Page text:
A UN Environment Programme (UNEP) report released recently found that the construction sector is not on track to decarbonise by 2050 as originally planned. In 2021, CO2 emissions from buildings and construction hit a new high. Additionally, operational energy-related CO2 emissions were up 5% over 2020 and 2% compared with the pre-pandemic peak in 2019.
According to the same report, the built environment is responsible for 39% of CO2 emissions. To cut these emissions and help minimise the effects of climate change, the construction sector needs to take serious action and focus on sustainable development.
A sustainable building is designed to conserve energy, water and resources, and facilitate a more ecologically friendly community. Examples include using low-flow water attachments, designing windows in a way that reduces the need for heating and cooling, taking advantage of natural light and offsetting emissions with solar panels.
The value of sustainable development
Fortunately, what is good for the environment is also proving to be good for the bottom line.
“Developers are more focused on sustainability today because they realise that having sustainable assets adds value to their portfolio,” said Francisco Galan, director of sustainable development at Masdar City in Abu Dhabi and a board member of the Masdar Green REIT, the first United Arab Emirates (UAE) real estate investment trust dedicated to sustainable assets.
With investors finding more ways to incentivise eco-friendly building practices, developers, contractors and governments are racing to reduce their emissions even more — particularly as environmental, social and governance issues take centre stage in the fight against climate change.
“[It is] something that really needs to be addressed in terms of how people develop and invest in real estate going forward,” says Anthony Taylor, senior executive officer of Masdar Capital Management, the FSRA-regulated fund manager for the Masdar Green REIT.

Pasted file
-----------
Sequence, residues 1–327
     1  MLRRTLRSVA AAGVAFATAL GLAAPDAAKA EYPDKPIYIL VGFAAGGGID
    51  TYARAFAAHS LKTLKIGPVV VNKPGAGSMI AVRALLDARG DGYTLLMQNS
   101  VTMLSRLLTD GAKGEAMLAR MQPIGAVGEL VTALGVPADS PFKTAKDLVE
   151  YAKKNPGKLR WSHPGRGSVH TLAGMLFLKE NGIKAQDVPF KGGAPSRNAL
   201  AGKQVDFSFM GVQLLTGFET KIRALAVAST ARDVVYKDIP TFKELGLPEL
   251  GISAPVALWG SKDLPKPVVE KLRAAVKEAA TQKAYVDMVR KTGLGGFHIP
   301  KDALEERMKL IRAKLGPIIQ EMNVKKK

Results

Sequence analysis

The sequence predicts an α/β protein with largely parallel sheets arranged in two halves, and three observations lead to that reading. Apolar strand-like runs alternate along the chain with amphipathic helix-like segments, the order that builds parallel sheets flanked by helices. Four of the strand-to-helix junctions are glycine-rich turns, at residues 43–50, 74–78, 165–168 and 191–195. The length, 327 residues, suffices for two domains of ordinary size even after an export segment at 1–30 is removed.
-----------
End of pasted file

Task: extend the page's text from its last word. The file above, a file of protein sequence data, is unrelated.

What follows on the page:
According to the UNEP report, global investments in building energy efficiency increased by 16% in 2021 to $237bn. Between 2020 and 2021, the number of “green” certified buildings grew by 19%.
Policy change is also playing a role in reducing carbon emissions, with 23 countries committing to greater building efficiency in 2021.
In a GlobalData study that surveyed construction contractor and subcontractor companies worldwide, 21% of respondents said they were focused on limiting the impact of construction activities on natural ecosystems and biodiversity, while 26% said they wanted to reduce the impact of construction activities on climate change. Another 20% said they wanted to reduce levels of pollution arising from construction activity and 16% were focused on increasing the use of natural resources during the construction process.
Increasing investment in sustainable construction
The Masdar Green REIT, owned by Masdar City and operated by Masdar Capital Management, was established as a vehicle for investing in professionally managed, sustainable, income-generating real estate in Masdar City and elsewhere in the UAE. It is now worth more than $700m (Dh2.8bn).
Currently available exclusively to professional investors, the trust’s latest acquisitions include two fully occupied LEED Platinum-rated buildings in Masdar City: the head office of Abu Dhabi Quality and Conformity Council, and Etihad Airways’ Eco Residences staff accommodations. A third property, the Advanced Technology Research Council headquarters, is LEED Gold-certified.
“The success of Masdar Green REIT shows that a credible pathway exists to achieve net zero,” Taylor says. “The fact that the value of the REIT has more than doubled in two years underlines the potential for sustainable real estate financing and further highlights the broad appeal of Masdar City as a burgeoning innovation hub and thriving sustainable community.”
UAE ahead of the curve on green construction
Green building and sustainable building standards were introduced in the UAE in 2010, and the country is actively increasing its investment in sustainable construction. Masdar City is a cornerstone of this investment.
The UAE has the highest share of LEED-certified square feet in the Middle East at 63%, according to Savills, a real estate company. Many of those buildings are located in Masdar City, which has one of the largest clusters of LEED-certified buildings in the world.
“We have been pioneering sustainable construction for 15 years, with our developments acting as a sort of ‘green-print’ for other cities,” said Galan. “Ten years ago, our buildings used about 40% less water and energy than comparable conventional buildings. Today, we are moving toward net zero, with four net-zero energy buildings either complete or under construction. Just as importantly, these buildings are also commercially viable. At Masdar City, financial sustainability is a vital part of the sustainability equation.”
To find out how your next project can benefit from expanding into Masdar City, download this brochure.